Home / Opinion / Poverty Has Little to Do With Radical Islam | By Ayaz Amir
Poverty Has Little to Do With Radical Islam

Poverty Has Little to Do With Radical Islam | By Ayaz Amir

Boko Haram in Nigeria, the Islamic State in Syria and the Taliban in Pakistan have not taken up arms to create a classless society. Their aim is not social justice. They have taken to the paths of violence, employing terror as a weapon of intimidation, in pursuit of an ideal shaped by a half-baked interpretation of Islam.

The zeal of the Sep 11 bombers was not driven by poverty. Many of the recruits to the cause of messianic or radical Islam are not victims of Third World poverty. Aafia Siddiqui was not a poster-girl of poverty. Nor is Mumtaz Qadri who shot the Punjab governor he was supposed to protect.

Usman (now hanged) who led the attack on General Headquarters in Rawalpindi and the air force personnel who planned and executed the first attempt on Gen Musharraf’s life were radicalised not by poverty (by Pakistani standards they held relatively good jobs, jobs for which there are regularly thousands of applicants) but by a literalist interpretation of the faith.

Pakistan is a poor country, with tens of millions living below the poverty line. If poverty was the spur to radical Islam Pakistan would have been conquered by the likes of Mullah Omar long ago.

From what evidence we have about the phenomenon, the suicide bomber picked up and trained for his deadly mission, or the foot soldier of ‘jihad’, may be from the lowest rungs of society but the terrorist masterminds, those in leadership positions – the Ilyas Kashmiris, the Hakeemullah Mehsuds, the Mullah Fazlullahs – have the rudiments of education, but in most cases no more than that.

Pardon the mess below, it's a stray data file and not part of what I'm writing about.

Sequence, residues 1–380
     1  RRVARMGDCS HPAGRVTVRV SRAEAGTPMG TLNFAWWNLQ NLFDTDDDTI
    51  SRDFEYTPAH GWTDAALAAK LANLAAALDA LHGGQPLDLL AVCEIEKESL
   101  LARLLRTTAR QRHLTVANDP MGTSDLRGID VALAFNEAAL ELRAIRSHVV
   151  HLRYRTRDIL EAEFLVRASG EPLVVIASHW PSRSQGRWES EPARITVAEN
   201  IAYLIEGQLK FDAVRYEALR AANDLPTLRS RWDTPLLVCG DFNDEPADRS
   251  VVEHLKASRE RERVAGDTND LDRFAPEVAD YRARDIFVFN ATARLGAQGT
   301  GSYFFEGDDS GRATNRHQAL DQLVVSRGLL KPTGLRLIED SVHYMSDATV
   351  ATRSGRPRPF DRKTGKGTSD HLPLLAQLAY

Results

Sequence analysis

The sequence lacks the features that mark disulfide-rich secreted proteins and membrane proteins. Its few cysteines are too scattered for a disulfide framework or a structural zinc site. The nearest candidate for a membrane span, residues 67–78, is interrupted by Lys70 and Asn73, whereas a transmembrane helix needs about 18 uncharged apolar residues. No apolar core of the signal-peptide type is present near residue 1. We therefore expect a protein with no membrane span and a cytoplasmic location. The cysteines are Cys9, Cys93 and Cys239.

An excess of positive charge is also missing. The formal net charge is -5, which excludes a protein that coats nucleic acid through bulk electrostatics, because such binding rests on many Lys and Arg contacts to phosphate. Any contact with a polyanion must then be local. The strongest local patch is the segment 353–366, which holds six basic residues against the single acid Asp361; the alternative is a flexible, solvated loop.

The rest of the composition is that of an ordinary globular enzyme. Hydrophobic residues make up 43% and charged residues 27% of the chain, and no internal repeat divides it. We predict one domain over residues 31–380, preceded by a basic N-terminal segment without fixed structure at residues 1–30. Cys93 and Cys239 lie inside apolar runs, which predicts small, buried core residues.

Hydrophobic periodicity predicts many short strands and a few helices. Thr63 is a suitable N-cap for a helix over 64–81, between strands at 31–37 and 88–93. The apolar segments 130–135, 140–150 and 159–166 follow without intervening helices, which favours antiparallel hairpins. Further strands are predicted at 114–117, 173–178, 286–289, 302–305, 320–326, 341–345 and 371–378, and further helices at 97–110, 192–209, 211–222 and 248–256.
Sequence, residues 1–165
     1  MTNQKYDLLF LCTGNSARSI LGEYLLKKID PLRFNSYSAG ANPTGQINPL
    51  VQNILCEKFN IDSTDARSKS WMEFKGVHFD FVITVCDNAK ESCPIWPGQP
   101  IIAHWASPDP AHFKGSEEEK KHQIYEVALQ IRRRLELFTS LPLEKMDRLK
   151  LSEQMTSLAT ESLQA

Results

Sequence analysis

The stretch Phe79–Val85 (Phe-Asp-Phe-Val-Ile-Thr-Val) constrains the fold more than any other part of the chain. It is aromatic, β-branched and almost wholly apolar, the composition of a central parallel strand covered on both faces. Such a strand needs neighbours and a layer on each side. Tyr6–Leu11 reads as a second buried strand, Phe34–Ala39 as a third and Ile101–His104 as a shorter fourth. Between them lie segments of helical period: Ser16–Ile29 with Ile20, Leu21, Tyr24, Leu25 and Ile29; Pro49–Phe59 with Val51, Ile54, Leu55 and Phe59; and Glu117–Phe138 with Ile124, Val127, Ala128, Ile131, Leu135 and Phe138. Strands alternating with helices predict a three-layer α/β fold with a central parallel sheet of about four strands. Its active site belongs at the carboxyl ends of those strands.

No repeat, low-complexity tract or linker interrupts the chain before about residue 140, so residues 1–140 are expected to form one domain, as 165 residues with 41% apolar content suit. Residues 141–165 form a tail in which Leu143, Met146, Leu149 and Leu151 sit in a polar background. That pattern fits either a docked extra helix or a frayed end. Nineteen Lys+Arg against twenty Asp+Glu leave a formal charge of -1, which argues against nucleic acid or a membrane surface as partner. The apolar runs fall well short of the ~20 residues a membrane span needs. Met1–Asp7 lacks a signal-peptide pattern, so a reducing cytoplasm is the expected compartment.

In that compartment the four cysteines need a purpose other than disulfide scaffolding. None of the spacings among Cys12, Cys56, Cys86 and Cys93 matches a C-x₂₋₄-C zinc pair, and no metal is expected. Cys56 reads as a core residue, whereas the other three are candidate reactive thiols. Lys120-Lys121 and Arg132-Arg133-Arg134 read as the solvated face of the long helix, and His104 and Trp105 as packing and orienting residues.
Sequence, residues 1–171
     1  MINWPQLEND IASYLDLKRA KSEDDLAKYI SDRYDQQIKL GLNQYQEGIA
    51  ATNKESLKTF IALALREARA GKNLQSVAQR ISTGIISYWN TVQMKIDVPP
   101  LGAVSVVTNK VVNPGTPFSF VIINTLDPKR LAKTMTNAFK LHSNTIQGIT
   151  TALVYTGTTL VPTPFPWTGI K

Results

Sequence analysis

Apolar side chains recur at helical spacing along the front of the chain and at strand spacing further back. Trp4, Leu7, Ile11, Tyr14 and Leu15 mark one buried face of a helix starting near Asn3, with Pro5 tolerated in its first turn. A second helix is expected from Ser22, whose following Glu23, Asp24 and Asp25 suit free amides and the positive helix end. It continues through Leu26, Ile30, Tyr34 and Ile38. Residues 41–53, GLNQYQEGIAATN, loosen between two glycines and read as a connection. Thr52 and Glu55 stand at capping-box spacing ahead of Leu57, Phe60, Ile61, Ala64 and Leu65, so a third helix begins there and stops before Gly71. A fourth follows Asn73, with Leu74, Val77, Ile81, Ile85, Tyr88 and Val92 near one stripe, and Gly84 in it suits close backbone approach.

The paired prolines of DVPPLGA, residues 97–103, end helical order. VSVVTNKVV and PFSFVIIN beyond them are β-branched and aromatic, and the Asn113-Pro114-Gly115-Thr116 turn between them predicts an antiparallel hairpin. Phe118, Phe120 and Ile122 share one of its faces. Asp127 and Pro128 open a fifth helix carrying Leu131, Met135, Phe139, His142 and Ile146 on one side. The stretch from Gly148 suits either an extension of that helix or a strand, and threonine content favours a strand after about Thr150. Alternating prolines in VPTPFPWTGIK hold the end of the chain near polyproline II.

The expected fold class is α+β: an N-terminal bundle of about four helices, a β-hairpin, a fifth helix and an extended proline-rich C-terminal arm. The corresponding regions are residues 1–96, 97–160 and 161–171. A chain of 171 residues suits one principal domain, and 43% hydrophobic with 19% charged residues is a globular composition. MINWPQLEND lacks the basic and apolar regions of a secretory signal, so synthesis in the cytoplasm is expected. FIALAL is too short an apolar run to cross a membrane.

Readers of ‘The Count of Monte Cristo’ will recall the bandit leader, Luigi Vampa, leader of a fearsome gang of robbers on the outskirts of Rome. Vampa always has a book in his hands…Caesar’s Commentaries, Plutarch’s Lives. Do the commanders of radical Islam read the poets or the classics? Plutarch informs us that Alexander always slept with a copy of the Iliad by his side. Would Mullah Fazlullah ever have come across the Divan of Ghalib? Would he have ever looked into it?

I say this not in disparagement but only to point out that part of the problem with radical Islam is that its worldview is so limited. It is circumscribed by a literal reading of scripture and, for the more learned, a reading of the commentaries of, say, Sayyid Qutb and Maulana Maudoodi. Qutb was a very learned man as, in his own way, was Maudoodi. But it is not for everyone to react with warmth or sympathy to their ideal of the perfect society.